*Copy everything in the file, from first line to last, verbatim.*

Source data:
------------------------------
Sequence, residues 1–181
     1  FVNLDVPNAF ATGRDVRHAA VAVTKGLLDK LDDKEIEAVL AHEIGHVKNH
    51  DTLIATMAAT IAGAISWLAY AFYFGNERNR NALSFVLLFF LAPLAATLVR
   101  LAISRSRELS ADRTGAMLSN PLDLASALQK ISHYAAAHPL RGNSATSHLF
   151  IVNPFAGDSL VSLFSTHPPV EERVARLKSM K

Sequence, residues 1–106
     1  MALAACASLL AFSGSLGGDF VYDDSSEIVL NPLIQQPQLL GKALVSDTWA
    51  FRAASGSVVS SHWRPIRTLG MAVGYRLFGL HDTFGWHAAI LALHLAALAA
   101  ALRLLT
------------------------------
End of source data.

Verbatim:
Sequence, residues 1–181
     1  FVNLDVPNAF ATGRDVRHAA VAVTKGLLDK LDDKEIEAVL AHEIGHVKNH
    51  DTLIATMAAT IAGAISWLAY AFYFGNERNR NALSFVLLFF LAPLAATLVR
   101  LAISRSRELS ADRTGAMLSN PLDLASALQK ISHYAAAHPL RGNSATSHLF
   151  IVNPFAGDSL VSLFSTHPPV EERVARLKSM K

Sequence, residues 1–106
     1  MALAACASLL AFSGSLGGDF VYDDSSEIVL NPLIQQPQLL GKALVSDTWA
    51  FRAASGSVVS SHWRPIRTLG MAVGYRLFGL HDTFGWHAAI LALHLAALAA
   101  ALRLLT